How the Internets Shape My Day-to-Day Life (as a Feminist)
One thing that was really interesting for me about the Women + Power Conference was all the discussion about blogging and other Internet technology and how it shapes our activism, our news-reading habits, etc. From the stage, there were some really interesting stories about, for example, how a woman in rural Africa was able to connect to other women in a way she never would have been able to pre-Internet through the site Pulse Wire. In our intergenerational lunch conversation, we talked more about how the Internet affects us generally, in terms of relating and developing friendships, both positive and negative.
When I got home, I started thinking about just how I do use the Internet both for information gathering and for community building. Of course, I’m very conscious of things that the Internet helps me with in terms of getting information about the weather, restaurant menus, contact info, all that stuff that I find myself without when I’m away from the computer. But what I don’t pay as much attention to is the social element. I also wonder how my Internet use differs from others my generation and a little bit older, or a little bit younger. So I’ll describe a typical day of Internet usage for me, and I’d be interested to hear how this differs from your experience in the comments. Also, coincidentally I came across a blog post today that discusses relationships and Facebook. Though Facebook isn’t a big social medium for me, I thought you might be interested to check out what this blogger has to say.
A Day in the Online Life of Me
Keep in mind, of course, that I’m not working right now, so I can spend a lot more time online.
Right after waking up: Read through Twitter Feed and Tweet once. Check e-mail. Read my Google Reader (a few traditional newspapers, feminist websites and blogs, queer blogs, sexuality blogs, law and other academic blogs, foodblogs, Daily Beast, friends’ blogs, NPR, the New Yorker).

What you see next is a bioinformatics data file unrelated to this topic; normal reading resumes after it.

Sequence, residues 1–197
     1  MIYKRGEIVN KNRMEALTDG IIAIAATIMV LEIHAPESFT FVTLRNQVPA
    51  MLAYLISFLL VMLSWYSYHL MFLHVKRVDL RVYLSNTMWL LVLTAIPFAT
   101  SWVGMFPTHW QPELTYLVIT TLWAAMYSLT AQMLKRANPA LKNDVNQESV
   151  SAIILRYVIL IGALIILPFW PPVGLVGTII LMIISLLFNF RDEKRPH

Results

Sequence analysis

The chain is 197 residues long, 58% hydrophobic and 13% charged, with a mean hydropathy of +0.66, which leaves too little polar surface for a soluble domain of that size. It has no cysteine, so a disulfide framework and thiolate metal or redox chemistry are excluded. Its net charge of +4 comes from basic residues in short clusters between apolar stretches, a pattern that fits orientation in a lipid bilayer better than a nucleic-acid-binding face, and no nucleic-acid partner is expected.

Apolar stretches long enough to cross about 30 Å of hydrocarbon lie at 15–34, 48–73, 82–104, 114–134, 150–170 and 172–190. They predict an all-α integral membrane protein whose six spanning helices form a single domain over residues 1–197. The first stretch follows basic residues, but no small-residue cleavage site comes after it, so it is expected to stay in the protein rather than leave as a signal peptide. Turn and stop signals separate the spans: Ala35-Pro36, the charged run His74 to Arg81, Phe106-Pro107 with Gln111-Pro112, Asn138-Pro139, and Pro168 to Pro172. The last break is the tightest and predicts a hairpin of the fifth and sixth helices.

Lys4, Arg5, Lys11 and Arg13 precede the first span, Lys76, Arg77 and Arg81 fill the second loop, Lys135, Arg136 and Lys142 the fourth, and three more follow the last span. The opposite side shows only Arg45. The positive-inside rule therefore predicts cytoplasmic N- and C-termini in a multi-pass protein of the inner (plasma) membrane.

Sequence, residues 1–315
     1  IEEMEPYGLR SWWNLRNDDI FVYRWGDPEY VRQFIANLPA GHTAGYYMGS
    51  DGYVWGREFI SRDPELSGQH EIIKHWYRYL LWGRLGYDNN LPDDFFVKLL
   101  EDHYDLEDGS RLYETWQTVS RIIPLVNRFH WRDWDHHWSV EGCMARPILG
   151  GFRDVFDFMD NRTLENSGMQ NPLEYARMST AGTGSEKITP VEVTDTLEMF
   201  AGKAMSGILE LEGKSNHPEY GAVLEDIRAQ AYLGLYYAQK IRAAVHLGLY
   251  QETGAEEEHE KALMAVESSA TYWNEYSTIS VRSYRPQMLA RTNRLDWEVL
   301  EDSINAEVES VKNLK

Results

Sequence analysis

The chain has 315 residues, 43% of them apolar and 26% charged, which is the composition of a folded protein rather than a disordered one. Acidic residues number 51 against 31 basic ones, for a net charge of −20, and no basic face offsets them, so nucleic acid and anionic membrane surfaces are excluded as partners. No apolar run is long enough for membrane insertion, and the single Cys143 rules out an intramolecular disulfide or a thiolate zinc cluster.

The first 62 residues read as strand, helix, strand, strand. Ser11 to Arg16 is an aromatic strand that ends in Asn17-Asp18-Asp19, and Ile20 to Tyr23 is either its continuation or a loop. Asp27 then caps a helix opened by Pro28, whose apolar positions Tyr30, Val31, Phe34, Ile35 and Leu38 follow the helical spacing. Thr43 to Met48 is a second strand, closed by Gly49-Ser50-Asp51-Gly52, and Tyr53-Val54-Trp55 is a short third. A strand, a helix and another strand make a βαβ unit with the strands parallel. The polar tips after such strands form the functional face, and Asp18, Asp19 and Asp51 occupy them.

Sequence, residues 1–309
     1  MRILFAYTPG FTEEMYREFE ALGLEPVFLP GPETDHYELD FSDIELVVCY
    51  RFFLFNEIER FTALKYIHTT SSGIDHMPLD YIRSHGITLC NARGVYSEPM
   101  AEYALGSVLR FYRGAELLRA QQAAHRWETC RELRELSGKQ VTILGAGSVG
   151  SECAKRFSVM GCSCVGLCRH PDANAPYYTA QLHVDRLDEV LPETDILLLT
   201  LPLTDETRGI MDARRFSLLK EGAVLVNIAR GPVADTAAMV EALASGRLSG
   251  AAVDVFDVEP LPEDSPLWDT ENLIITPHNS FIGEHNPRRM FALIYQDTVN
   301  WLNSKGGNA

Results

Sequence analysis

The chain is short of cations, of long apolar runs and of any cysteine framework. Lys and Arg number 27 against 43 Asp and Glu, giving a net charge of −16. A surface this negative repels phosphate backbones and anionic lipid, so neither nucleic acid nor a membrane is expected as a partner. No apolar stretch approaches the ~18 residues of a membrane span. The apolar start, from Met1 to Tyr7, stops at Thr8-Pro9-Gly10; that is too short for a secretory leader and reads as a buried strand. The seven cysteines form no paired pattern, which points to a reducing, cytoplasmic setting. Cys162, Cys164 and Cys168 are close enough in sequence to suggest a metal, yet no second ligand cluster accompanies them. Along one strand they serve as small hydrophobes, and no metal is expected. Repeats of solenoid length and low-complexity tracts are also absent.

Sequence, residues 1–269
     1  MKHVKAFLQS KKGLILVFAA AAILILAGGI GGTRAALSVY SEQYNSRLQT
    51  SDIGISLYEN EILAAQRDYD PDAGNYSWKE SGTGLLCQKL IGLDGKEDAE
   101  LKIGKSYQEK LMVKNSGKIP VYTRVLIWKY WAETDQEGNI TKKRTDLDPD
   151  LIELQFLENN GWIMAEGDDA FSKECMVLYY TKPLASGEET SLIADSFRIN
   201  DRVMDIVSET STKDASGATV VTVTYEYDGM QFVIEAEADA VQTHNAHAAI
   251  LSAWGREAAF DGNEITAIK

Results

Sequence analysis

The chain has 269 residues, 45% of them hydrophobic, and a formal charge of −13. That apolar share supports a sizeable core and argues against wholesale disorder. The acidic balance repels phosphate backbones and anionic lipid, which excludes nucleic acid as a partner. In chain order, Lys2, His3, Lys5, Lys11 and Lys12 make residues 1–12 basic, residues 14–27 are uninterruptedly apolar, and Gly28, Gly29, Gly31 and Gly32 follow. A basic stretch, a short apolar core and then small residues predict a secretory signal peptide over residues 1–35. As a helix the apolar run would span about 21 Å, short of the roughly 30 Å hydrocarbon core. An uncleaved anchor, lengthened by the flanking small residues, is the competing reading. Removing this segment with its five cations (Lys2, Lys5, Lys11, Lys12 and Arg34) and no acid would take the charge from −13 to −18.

During the day: Watch a few TV shows online (Rachel Maddow Show, Daily Show, Colbert Report). Post to one or two of my blogs. Spend a good 4-6 hours intermittently chatting with friends online. I met many of my closest friends online initially, and some I have never met in person, which was a particular surprise to the older women at the intergenerational lunch.
Night: Settle into a chat room with a group of my friends. Chat till around 11 pm – 1 am until my eyes absolutely won’t stay open. Rinse and repeat.
Some observations: One thing I don’t use a lot is Facebook, though it’s a great tool for invitations and organizing contact information. I don’t read Twitter more than once a day, which means that I miss a lot. I was surprised to hear presenters this weekend talk about meeting people on Twitter. Meet? But it’s 140 characters! I met most of my friends through blog and online journal comments, communities specific to a particular interest, or OKCupid, an online dating site that I use to meet other queer friends and sometimes make dates. After making a connection, our primary contact is through IM. I also don’t use Skype or videochat, so my contacts are almost all textual. Sometimes when I do meet someone in person I’m surprised by how their personality is different, how they look, how they interact. I don’t know if it’s good or bad – just different.